(Editor’s note: When Palisadian Alan Eisenstock is not researching and writing one of his nonfiction books (18 thus far!), he pursues what he calls “a crazy labor of love side project” that he started in March 2020: sending a weekly Covid-themed playlist of songs to his family and friends. These playlists (which can be downloaded on Spotify, Click here. span rock ‘n’ roll and pop music from the 1950s to 2020, and Eisenstock adds one or two lines of commentary about each song that is clever, amusing and informative.)
As if battling COVID and the Delta Variant aren’t enough, we’re in the midst of fire season. The stubborn Dixie Fire in California has already destroyed 500 homes and has not yet been contained. What to do? Idea. With thanks to the mighty Jeff Lantos for suggesting the theme, here are 25 “fire” “smoke” “burn” songs. Listen up!
- “Great Balls of Fire” Jerry Lee Lewis. We start with The Killer and his signature song from 1957, one of rock’s most famous songs. This wild man, who once ended a live performance by setting his piano on fire, was married seven times, including to his 13-year-old cousin.
- “I’m On Fire” Bruce Springsteen. The Boss, from his 1985 album Born in the U.S.A. The song’s been covered by dozens of artists, most famously by Alvin and the Chipmunks on their iconic album, Roasted Nuts.
- “Smoke Gets in Your Eyes” The Platters. Hugely successful vocal group formed in the fifties in L.A. This song, written by Jerome Kern and Otto Harbach for the 1933 musical Roberta, became a #1 hit in 1959. Kern’s widow hated The Platters’ version so much she threatened to sue.
- “Ring of Fire” Johnny Cash. The Man in Black recorded this 1963 song written by his wife June Carter Cash and Merle Kilgore. The song about falling passionately in love became one of Johnny’s biggest hits.
- “Fire and Rain” James Taylor. Boston-born Taylor sings this famous song from 1970. His big hit is actually a dark song about drug addiction and the death of a close friend. Carole King plays piano.
- “Smoke on The Water” Deep Purple. British progressive rock band’s most famous song from 1973, known for its catchy opening chords. Not necessarily my favorite song but a must for any fire-themed playlist. And now I have that opening stuck in my head.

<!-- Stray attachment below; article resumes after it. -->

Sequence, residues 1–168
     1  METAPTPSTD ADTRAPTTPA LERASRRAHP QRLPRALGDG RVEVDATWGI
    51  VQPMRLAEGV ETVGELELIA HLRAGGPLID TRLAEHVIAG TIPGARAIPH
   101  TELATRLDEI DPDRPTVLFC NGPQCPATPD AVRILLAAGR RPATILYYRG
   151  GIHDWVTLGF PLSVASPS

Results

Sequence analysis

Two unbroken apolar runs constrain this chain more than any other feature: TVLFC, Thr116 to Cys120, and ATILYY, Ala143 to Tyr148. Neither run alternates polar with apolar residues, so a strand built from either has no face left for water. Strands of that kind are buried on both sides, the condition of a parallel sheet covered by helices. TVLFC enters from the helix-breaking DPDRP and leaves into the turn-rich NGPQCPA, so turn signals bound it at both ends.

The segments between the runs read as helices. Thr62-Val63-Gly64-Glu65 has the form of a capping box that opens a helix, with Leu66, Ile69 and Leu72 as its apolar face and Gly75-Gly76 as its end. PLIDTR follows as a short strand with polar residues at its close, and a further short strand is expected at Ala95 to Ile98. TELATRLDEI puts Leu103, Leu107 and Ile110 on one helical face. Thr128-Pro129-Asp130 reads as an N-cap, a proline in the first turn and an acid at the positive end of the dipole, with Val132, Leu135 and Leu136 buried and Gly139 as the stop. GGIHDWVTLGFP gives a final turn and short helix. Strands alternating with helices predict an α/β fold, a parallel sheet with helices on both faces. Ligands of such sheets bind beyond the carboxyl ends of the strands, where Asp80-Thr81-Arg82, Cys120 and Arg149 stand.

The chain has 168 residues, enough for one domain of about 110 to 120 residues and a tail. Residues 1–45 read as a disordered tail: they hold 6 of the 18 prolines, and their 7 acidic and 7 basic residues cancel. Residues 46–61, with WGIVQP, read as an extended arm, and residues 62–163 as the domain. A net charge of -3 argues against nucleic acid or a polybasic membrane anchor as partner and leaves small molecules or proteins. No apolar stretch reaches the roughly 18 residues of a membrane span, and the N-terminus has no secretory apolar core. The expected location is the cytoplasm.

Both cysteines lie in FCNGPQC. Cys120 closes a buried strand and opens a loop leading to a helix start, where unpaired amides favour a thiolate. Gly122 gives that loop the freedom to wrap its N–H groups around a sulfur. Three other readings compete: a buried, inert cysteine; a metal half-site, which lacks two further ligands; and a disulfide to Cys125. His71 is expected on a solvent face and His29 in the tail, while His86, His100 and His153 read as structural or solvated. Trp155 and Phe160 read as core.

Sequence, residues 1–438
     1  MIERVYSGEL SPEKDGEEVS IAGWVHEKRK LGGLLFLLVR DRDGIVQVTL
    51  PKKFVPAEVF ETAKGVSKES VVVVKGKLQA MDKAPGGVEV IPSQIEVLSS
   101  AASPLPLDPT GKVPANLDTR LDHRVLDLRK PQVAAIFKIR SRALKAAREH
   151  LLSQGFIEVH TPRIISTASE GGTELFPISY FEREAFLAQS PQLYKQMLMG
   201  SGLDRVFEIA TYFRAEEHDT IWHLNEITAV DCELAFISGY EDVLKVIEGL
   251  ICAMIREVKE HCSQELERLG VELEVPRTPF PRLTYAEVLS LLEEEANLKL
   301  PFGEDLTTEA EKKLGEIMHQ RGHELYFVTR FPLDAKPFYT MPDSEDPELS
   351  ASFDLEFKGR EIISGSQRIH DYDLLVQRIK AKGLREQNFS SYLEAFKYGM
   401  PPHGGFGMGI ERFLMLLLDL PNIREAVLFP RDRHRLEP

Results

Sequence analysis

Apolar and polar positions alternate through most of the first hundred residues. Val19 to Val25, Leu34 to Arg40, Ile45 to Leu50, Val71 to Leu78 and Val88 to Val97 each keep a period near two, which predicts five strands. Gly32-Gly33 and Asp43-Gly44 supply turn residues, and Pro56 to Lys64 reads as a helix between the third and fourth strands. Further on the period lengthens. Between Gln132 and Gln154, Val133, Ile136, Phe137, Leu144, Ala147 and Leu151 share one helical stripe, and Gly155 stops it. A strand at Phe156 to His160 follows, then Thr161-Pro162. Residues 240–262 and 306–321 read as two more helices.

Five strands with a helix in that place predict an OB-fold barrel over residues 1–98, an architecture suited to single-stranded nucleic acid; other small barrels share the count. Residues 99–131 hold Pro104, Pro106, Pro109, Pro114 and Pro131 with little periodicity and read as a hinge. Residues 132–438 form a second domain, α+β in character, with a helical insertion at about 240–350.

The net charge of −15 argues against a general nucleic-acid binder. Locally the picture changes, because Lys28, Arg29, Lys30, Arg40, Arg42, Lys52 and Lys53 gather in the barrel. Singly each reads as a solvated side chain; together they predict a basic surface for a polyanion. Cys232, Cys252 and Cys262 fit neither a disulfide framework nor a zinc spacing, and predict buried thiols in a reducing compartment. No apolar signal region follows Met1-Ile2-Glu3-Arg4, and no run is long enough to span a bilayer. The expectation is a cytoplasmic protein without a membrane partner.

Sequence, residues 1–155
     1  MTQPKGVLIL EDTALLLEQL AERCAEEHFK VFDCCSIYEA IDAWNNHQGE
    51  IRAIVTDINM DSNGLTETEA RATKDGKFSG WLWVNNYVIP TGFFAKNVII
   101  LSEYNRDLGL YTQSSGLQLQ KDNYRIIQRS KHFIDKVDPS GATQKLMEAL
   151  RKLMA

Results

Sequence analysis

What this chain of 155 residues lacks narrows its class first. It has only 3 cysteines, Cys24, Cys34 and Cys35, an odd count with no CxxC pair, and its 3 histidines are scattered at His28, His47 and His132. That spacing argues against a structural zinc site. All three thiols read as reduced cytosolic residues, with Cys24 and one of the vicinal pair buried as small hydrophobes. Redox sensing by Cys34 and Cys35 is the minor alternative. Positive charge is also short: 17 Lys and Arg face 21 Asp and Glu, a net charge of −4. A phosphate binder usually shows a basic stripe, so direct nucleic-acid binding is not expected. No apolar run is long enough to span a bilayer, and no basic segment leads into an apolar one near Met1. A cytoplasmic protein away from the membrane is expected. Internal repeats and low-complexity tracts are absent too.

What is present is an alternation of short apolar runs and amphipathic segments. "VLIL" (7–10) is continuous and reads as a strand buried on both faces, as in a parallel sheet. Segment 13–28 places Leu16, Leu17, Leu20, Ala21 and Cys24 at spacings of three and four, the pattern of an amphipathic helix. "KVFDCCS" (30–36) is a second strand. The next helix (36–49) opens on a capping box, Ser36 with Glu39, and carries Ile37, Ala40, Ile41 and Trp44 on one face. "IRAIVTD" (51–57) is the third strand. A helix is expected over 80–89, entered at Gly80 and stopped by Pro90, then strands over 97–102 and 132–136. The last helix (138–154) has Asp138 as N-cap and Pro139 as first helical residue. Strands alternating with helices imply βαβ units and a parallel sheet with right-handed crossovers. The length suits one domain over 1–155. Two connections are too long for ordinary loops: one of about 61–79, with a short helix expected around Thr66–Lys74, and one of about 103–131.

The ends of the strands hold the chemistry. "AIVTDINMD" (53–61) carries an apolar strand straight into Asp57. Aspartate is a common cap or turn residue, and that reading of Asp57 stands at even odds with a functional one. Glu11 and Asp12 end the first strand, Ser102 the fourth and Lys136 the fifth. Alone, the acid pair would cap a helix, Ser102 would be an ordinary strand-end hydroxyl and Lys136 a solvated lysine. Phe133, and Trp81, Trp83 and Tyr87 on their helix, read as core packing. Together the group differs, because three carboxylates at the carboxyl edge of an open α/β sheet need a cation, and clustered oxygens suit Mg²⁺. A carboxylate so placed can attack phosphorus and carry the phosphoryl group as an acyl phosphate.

- “Burn One Down” Ben Harper. Part African-American, part Native American, part Jewish, Ben is a singer-songwriter-activist, and this song, let’s be honest, is a pro-pot anthem.
- “Burning Love” Elvis Presley. One of The King’s biggest hits, recorded in 1972. The song, written by Dennis Linde, contains the hyperbolic lyric, “I feel my temperature rising…I must be a hundred and nine.” Elvis believed that “rising” and “nine” rhymed.
- “Girl on Fire” Alicia Keys. New York-born singer-songwriter and classically-trained pianist, Keys co-wrote this critically-acclaimed song in 2012. Addicting song, no?
- “Play with Fire” The Rolling Stones. Classic Stones’ song from their 1965 album Out of Their Heads. Written by Mick & Keith, with guest appearances by Phil Spector on bass and Jack Nitzsche on harpsichord. “Don’t play with me ’cause you’re playing with fire…”
- “Who by Fire” Leonard Cohen. Singer-songwriter-poet-novelist Leonard invokes the Rosh Hashana prayer in this stunning song from 1974. Cohen, a Canadian, went to McGill University where he was president of the debate club. For a time, he lived near me and I would see him sitting on a park bench, eating a bagel. Seemed appropriate.
- “Smoke from A Distant Fire” Sanford-Townsend Band. A guy named Sanford and a guy named Townsend both from Alabama released this big hit in 1977 and that was kind of it.
- “Set the Fire To The Third Bar” Snow Patrol, Martha Wainwright. Scottish-Northern Irish alternative rock band Snow Patrol team up with Canadian-American folkie Martha, daughter of Loudon Wainwright and Kate McGarrigle. The song tells the story of a long-distance relationship. LOVE.